Networking is crucial to business careers and is one of the main benefits of LTEN membership: The chance to meet, connect and learn from your life sciences peers. For this new Bonus Focus feature, we’re happy to introduce you to LTEN member David Purdy.
Purdy is president of Psychological Consultants, Inc.(PCI) and has been an LTEN member for 26 years. Purdy leads and inspires a team of leadership development professionals, maintaining ongoing communication with client and developing new business opportunities for his company. In addition, he authors articles (including many for LTEN Focus magazine), and focuses on advising; coaching and development. Purdy is also a member of the LTEN Advisory Council, which helps to support the LTEN Board of Directors. This Q&A article will tell you more about Purdy and his life sciences career.
Bonus Focus (BF): How long have you been an LTEN member?
David Purdy (DP): 26 years!
BF: What value has LTEN brought to your career?
DP: Through LTEN, I’ve gotten to know many talented training professionals and have learned so much about the life sciences industry, including the challenges faced by sales representatives and managers. At the annual conference, I have the opportunity to reconnect with clients and past participants in PCI’s assessment/development center programs. I also enjoy meeting people who are new to their training roles. The workshops and keynotes are always very educational, and the networking events are fun. I come away from every conference energized and ready to apply all the new things I learned. One of the most valuable aspects of LTEN is the friendships I’ve developed that originated there!
BF: What is the best career advice you received?
DP: Early on, I heard the message “pursue your passion and don’t focus on money – do what you enjoy most and the rewards will be forthcoming.” That was sound advice. I was fortunate enough to find and pursue my passion – which became my career.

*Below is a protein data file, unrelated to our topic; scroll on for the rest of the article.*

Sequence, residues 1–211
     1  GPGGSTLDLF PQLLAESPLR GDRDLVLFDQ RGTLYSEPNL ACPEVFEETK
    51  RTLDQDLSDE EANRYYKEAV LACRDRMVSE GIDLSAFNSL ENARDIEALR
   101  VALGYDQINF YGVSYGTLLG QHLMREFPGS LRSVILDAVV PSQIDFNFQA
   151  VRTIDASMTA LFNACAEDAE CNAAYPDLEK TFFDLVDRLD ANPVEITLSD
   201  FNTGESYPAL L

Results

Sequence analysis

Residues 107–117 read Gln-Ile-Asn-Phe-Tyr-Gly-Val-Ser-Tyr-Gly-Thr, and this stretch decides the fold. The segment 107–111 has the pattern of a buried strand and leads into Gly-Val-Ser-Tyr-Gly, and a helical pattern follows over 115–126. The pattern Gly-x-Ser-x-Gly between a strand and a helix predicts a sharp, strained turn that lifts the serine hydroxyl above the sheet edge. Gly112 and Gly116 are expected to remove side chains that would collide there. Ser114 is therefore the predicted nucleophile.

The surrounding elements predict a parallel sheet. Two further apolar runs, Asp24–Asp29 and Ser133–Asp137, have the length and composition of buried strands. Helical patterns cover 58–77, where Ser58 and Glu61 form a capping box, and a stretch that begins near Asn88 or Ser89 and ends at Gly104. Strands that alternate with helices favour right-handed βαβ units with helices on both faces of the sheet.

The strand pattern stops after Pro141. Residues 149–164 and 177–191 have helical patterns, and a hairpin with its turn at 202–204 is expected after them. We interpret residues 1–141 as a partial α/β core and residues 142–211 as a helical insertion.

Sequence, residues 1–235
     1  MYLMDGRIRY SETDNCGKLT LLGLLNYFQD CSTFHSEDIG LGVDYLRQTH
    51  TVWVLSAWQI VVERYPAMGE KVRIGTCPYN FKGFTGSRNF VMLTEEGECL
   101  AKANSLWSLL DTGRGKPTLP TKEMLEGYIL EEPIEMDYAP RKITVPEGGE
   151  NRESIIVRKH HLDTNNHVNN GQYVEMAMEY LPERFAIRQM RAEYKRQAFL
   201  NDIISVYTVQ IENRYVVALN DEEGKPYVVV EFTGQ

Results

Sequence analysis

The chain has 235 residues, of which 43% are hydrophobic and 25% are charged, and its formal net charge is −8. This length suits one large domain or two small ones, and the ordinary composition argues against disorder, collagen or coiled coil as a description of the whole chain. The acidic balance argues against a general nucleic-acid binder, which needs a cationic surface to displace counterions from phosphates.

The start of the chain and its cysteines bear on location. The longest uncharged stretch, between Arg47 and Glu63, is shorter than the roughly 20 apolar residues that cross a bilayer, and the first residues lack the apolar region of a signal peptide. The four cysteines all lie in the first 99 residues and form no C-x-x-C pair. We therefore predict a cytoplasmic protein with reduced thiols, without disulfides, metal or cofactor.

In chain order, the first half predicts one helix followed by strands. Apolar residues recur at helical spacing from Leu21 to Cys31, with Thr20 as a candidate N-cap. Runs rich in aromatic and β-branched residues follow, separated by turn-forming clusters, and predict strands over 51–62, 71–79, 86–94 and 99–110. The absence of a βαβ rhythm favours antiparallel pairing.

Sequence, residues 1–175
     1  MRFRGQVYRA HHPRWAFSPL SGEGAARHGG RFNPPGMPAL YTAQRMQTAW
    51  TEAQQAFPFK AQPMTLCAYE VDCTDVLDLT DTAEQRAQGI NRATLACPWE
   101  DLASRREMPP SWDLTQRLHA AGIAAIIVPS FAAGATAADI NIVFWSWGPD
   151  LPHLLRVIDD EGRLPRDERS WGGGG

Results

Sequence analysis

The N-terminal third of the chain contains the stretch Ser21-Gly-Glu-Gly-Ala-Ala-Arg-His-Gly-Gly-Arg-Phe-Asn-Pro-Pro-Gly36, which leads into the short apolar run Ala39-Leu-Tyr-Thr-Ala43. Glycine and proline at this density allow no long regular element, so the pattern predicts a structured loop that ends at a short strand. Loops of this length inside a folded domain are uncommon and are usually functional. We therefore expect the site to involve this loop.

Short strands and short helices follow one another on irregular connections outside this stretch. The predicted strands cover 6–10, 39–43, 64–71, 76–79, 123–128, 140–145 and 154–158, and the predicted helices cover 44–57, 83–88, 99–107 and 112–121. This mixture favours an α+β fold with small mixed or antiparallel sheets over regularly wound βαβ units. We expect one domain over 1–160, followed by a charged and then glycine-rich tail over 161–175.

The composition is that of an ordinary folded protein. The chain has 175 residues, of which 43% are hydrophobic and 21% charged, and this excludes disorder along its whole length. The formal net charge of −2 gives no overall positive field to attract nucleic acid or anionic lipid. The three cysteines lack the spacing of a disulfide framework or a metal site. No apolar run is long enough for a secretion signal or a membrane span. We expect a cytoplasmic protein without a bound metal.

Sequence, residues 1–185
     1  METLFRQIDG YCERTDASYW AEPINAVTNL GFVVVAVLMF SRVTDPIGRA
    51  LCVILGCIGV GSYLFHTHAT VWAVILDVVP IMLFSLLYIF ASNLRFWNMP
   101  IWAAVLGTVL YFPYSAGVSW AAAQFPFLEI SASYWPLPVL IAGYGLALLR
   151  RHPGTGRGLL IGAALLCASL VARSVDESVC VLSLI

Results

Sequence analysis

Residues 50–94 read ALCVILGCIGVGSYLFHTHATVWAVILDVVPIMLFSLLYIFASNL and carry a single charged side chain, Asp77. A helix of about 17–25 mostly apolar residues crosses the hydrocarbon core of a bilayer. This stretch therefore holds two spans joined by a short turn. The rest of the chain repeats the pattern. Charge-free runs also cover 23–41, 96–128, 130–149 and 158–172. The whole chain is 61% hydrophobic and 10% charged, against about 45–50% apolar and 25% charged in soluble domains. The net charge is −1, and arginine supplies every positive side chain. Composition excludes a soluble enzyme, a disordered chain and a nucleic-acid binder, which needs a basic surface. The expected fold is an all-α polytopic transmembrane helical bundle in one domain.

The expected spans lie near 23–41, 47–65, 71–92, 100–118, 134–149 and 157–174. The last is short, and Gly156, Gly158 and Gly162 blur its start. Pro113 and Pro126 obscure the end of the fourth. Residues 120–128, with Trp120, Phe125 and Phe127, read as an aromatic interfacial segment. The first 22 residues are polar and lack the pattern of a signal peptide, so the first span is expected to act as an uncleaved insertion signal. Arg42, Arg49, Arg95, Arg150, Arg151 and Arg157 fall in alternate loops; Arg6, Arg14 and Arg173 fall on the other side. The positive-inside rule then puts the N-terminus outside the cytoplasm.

BF: What advice would you offer someone seeking a career in training?
DP: Make sure you really have a passion for it. And then study the craft from every angle, seeking to learn from others’ experiences. Always remember that your role is to inspire and support learning in others. To do that effectively, you must care about the people you’re training and educating. Make sure you keep your listening skills well honed.
BF: When you think of great leader you worked with, what made them great?
DP: My “great leader” was initially my professor in grad school. He later became my boss – and eventually my business partner. These are the factors that made him great: motivational; supportive; provided honest feedback; gave plenty of “rope”; set high standards; expected great things of me and never doubted my potential. He also taught me the principles of leadership.
Share Your Story
Interested in sharing your story through this Bonus Focus feature? Email LTEN Editorial Director Tim Sosbe at tsosbe@L-TEN.org.